Blogging from the poorhouse – Blogher 2006

Candace, 03 November 2005, Comments Off on Blogging from the poorhouse – Blogher 2006
Categories: Activism, Blogging, Blogher, Culture, Diversity, Feminism, Feminist Theory, Language, Third Wave, Women's Studies

Blogher 2006 has been announced so mark your calendars: July 28 and July 29, 2006. Sour Duck has asked the question of how to get economically disadvantaged women to the conference this year. If you scroll down here to the comment section you can read Lisa Stone’s response which includes what helped last year. Some of the solutions included donations, free passes in trade for volunteer hours, and sponsorship.

If you have any ideas on how to help cover the costs of Blogher for those who can’t afford to jet set across the country, continent, or globe, contact Blogher and help open doors.

Regarding the challenge of poverty, I really feel strongly about blogging as a people’s media. I like to read opinion blogs, but I get a lot more out of experience blogs, or when the two are brought together. I like to read about what is happening in the world based on people’s real lived experiences. I like it when practice shows theory – after all, the personal is political only if made so.

Access to blogging does suggest a certain minimum level of prosperity. There is an inherent technology required for blogging, and to own that technology can be expensive. As universal access increases however (at least in the western world) public libraries and computer centres are helping to minimize the need to own your own computer. But still. Blogging from the poorhouse is important and should be supported.

As far as what’s the best term to use to describe people who can’t afford stuff (i.e. “the language question”), whether that be groceries, heat, or registration and travel to Blogher 2006, I’d have to agree with Sour Duck’s analysis against the use of ‘lower class’. I also dislike ‘poor’. Both of these are concrete labels – and sound unchangeable. Today I am idealistic. And I feel like I’ve made some progress climbing out of poverty. Regardless of the statistics against hope, I would like to think that someday everyone will have access to the basic necessities of life. And so, since my family has yet to reach the poverty line, I feel my voice on this is legitimate.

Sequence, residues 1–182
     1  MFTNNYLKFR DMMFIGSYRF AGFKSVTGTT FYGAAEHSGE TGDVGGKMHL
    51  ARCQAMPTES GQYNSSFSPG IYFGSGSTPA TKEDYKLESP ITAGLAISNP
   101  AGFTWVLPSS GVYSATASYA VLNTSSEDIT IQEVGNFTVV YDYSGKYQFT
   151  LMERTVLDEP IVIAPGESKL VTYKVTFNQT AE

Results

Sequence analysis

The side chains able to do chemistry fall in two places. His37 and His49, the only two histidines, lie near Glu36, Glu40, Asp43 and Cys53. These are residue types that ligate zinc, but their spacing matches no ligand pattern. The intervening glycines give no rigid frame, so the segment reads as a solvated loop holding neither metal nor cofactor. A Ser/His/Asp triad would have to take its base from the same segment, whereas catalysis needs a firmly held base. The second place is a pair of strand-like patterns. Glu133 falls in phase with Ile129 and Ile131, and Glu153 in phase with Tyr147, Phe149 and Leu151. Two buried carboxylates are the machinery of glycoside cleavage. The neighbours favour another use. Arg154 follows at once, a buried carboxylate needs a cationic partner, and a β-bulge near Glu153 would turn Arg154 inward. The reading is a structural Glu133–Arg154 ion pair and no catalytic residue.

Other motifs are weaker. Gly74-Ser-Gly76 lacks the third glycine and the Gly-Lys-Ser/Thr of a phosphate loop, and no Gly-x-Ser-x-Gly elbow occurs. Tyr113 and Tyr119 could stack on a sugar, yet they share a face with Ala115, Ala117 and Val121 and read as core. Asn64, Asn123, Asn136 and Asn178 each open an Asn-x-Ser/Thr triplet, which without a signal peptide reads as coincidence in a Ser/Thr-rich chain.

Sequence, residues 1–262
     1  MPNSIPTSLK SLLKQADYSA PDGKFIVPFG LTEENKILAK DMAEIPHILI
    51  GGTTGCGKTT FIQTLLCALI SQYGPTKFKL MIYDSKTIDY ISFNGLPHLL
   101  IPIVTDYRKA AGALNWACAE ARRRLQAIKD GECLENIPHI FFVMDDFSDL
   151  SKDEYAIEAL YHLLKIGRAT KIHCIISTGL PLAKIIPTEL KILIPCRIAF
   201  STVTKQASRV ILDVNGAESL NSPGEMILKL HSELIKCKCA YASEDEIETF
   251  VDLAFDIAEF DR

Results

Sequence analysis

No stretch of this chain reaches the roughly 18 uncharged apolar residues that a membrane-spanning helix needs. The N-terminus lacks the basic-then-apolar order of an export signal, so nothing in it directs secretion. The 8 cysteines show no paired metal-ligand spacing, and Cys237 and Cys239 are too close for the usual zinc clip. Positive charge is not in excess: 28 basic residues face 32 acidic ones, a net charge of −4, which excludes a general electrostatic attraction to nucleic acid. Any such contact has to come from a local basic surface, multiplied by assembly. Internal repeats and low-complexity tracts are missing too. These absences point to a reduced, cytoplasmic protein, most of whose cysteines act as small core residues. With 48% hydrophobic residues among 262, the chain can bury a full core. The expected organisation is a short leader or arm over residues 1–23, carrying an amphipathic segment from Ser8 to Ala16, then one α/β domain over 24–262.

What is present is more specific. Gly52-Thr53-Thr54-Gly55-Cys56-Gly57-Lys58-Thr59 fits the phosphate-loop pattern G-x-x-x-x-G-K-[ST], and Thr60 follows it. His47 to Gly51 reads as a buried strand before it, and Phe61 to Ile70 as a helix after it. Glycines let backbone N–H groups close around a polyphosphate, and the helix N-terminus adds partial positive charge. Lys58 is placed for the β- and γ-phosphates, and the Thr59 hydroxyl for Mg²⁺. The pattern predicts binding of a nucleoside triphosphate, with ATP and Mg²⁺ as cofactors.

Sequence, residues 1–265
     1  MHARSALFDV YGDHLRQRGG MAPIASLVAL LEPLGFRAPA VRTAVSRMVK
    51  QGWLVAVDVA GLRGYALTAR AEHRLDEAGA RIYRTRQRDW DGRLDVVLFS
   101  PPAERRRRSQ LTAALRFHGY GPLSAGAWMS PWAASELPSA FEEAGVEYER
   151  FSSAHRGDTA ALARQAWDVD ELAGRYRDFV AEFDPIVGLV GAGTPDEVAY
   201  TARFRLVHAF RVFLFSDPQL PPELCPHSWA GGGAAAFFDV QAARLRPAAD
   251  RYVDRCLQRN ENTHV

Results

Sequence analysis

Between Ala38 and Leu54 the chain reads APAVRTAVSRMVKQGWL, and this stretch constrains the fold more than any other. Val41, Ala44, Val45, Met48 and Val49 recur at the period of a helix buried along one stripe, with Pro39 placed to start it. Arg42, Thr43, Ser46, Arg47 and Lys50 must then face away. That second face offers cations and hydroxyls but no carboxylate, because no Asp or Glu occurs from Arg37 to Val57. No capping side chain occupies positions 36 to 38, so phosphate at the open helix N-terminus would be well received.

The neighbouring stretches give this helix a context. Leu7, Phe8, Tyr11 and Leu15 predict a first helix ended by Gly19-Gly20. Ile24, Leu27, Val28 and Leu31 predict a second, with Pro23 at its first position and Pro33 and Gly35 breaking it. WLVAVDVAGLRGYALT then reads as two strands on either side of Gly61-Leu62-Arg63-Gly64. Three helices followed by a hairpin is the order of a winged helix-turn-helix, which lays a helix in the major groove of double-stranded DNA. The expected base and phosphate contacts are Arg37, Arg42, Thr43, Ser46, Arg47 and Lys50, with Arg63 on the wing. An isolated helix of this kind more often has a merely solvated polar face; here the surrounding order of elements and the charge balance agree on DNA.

I wouldn’t mind being called a poorhouse blogger or a poverty blogger although I really do think that this is a small part of my identity. Things keep on getting better and I’m happy for it. I don’t want to be defined by my bank account, I’d rather be looked at for my contribution, my work, my potential. I didn’t plan to be poor, but situations what they were, choices made, the struggle of the single mother, yadda yadda yadda, that’s what I am. For now.

Maybe the way to look at this language challenge is the same way other stigmas have been explored. First off, a person is a person. Other factors are simply classifiers, not defining attributes. This makes me “a person who studies”, not simply a student. Don’t put me in your schema of students; understand me out for who I am. If you take this approach, then “poor bloggers” can become

It’s not as light on the tongue as saying “poor” or “needy” but it let’s us deal with the whole picture, and treat each person as an individual with particular needs and potential.

I like the language questions. Thank you Sour Duck, for asking.


No Responses, Leave a Reply
  1. Elisa Camahort
    03 November 2005, 11:40 am

    I came up with two alternatives to “poor” in response to SourDuck’s question:

    low-income or

    Both of which indicate a condition in the here and now, and not part of someone’s being in general.

  2. Administrator
    03 November 2005, 11:57 am

    Absolutely – and thanks for pointing these out. I’m sorry I missed your suggestions.

    It’s a hard question in that there isn’t a thesaurus that works this way (that I’ve seen) – and semantics are tied to personal experience with language.

    The more suggestions the more choices.


  3. Sour Duck
    03 November 2005, 4:57 pm

    You’re welcome and thanks for your thoughts and suggestions.

    My, how bland that statement is. Thank you for a FANTASTIC piece! šŸ˜‰

    I’ll add a pointer to it at my blog, for those interested.

    “Iā€™m sorry I missed your suggestions.”

    Actually, you didn’t miss them – Elisa came up with these suggestions in private email to me. (I had asked the Blogher organizers to hold off until others had weighed in at my blog, which they kindly did.)

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